Olayemi Cardoso, who was confirmed Tuesday by the Senate as governor of the Central Bank of Nigeria (CBN), alongside his deputies, has proposed to reset the apex bank, as the naira fell to an all-time low of 1,000 per dollar on the parallel market.
Nigeria’s currency has remained under pressure following increased demand for dollars amid dollar shortage occasioned by low inflows from oil receipt and foreign capital.
The naira has lost 35.50 percent of its value against the dollar, falling from 738/$ at the beginning of the year on the parallel market.
Despite the exchange rate unification in June, foreign exchange inflows into Nigeria are lagging. On the other hand, the demand for foreign currency remains high, thereby creating pressure on the exchange rate. In addition, limited access to FX in the official market are incentivising players to purchase FX in the black market.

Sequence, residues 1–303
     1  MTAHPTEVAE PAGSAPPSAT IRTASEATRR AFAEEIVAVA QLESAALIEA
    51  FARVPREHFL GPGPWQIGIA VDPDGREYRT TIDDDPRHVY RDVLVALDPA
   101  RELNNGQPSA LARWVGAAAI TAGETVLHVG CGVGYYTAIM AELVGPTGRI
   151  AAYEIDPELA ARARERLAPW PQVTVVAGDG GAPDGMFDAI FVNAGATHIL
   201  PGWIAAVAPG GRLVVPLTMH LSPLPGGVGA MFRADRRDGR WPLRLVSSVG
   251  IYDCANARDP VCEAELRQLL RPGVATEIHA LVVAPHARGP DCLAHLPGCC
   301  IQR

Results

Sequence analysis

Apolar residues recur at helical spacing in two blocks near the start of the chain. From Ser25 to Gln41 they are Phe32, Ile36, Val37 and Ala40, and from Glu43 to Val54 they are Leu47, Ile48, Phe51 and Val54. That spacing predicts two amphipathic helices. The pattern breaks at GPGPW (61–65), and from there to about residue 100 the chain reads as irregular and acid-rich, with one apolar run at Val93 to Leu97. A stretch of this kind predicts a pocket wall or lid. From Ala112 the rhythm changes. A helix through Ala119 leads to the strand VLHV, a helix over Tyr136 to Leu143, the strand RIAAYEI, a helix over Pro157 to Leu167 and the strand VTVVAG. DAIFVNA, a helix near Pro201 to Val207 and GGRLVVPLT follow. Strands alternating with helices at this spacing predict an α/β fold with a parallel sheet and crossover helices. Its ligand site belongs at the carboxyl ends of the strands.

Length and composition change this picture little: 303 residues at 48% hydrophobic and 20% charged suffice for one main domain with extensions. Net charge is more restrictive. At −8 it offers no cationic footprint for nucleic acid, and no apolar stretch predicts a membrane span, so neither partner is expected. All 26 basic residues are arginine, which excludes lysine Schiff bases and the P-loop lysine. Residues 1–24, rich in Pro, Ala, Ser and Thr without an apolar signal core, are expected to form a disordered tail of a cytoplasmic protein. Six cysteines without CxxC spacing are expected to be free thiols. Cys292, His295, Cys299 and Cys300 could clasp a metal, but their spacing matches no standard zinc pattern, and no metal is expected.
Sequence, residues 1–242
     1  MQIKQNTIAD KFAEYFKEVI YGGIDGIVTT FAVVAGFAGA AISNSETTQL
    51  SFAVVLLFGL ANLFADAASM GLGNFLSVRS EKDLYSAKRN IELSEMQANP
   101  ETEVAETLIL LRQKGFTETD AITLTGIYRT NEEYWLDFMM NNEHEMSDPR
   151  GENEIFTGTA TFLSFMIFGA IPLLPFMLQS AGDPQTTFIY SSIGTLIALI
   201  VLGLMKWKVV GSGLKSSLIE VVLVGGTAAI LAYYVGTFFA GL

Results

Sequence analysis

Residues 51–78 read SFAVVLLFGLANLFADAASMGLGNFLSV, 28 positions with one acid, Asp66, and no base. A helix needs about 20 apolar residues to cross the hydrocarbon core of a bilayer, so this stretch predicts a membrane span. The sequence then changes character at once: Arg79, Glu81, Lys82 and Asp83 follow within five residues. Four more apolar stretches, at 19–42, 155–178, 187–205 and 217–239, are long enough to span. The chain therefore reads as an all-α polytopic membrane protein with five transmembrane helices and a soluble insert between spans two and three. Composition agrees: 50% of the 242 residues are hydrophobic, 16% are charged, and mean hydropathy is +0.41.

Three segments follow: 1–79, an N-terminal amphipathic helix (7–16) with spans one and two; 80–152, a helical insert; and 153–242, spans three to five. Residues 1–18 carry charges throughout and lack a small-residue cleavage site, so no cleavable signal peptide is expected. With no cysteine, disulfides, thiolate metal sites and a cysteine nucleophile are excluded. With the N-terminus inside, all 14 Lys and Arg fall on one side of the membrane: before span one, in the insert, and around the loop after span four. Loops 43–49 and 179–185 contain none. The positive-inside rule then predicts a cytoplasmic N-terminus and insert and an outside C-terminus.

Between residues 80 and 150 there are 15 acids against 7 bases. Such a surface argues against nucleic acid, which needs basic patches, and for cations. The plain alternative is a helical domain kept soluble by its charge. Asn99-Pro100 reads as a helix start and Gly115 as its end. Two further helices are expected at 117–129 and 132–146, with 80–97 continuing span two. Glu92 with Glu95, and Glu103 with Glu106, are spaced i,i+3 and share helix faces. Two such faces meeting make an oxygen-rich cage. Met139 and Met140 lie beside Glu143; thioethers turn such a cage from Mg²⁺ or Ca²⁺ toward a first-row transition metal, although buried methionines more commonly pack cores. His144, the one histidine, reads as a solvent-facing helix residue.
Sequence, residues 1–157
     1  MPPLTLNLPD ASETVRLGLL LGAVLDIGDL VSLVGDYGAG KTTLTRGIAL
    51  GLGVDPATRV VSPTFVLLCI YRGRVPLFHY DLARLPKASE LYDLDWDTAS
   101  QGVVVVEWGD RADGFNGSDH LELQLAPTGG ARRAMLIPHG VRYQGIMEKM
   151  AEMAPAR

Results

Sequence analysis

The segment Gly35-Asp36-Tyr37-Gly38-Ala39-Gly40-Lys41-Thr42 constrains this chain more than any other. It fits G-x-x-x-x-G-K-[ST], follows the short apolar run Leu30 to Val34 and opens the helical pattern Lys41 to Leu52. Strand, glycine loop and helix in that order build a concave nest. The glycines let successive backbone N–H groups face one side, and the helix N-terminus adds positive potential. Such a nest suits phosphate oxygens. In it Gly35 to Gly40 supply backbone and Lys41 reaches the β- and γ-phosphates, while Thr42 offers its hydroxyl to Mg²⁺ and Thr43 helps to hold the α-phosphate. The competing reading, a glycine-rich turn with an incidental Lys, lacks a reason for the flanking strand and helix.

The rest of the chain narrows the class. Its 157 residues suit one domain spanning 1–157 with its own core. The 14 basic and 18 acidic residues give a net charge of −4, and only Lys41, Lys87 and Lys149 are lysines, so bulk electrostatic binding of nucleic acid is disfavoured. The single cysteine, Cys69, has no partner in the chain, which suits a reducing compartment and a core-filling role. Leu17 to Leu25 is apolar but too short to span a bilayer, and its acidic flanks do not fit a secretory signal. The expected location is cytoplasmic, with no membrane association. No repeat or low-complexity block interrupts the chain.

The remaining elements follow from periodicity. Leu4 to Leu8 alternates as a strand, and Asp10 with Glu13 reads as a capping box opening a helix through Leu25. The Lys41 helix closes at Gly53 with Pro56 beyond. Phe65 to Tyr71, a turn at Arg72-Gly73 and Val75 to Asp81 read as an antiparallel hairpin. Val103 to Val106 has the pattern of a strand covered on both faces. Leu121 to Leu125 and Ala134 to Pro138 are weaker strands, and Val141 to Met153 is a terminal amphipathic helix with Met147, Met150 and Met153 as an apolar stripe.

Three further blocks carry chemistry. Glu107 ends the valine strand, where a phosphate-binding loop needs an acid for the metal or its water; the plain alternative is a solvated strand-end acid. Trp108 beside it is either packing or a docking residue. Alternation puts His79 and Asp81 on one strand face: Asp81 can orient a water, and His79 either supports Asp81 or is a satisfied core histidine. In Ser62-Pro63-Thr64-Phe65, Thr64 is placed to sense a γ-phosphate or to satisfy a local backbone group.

Cardoso said his immediate priority would be to work out ways to aggressively offset huge FX obligations as part of measures to attack the current naira freefall, which has become a huge burden for the economy.
…to pull back from aggressive development finance
The new CBN governor promised to pull back from aggressive development finance, ensure a culture of transparency, compliance and collaboration and to embark on zero tolerance for breach of CBN Act.
“We will also look at the need to refocus CBN back to its core functions,” he said, stressing the need to reverse to evidence-based monetary policies and emplace an open, transparent, ruled-based system.
During the screening at the National Assembly, Cardoso outlined immediate or short-term measures towards addressing naira free-fall and other economic challenges.
He said: “We do need to have an exchange rate that is stable for a country that we all dream of. And quite frankly, there are short and medium-term measures, but I would say something about the short-term measures because that really is what bothers most people today.
“Understandably, the medium-term measures have to do with balance of payments on time, like the sorts of things that are being done already, with respect to ensuring that you’re getting more petroleum resources and diversifying the economic base of the country that I believe will continue by the present administration. And of course they take time.”